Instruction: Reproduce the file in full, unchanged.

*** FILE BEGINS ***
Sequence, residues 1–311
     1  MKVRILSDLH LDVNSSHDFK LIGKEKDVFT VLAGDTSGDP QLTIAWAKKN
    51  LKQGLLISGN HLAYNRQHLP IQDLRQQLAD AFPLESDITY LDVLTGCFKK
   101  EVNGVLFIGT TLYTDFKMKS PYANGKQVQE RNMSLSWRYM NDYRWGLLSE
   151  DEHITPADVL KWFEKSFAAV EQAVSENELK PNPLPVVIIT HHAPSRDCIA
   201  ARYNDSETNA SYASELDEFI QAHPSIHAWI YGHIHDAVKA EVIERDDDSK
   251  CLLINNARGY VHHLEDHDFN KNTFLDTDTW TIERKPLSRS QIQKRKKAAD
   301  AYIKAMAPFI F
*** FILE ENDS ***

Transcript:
Sequence, residues 1–311
     1  MKVRILSDLH LDVNSSHDFK LIGKEKDVFT VLAGDTSGDP QLTIAWAKKN
    51  LKQGLLISGN HLAYNRQHLP IQDLRQQLAD AFPLESDITY LDVLTGCFKK
   101  EVNGVLFIGT TLYTDFKMKS PYANGKQVQE RNMSLSWRYM NDYRWGLLSE
   151  DEHITPADVL KWFEKSFAAV EQAVSENELK PNPLPVVIIT HHAPSRDCIA
   201  ARYNDSETNA SYASELDEFI QAHPSIHAWI YGHIHDAVKA EVIERDDDSK
   251  CLLINNARGY VHHLEDHDFN KNTFLDTDTW TIERKPLSRS QIQKRKKAAD
   301  AYIKAMAPFI F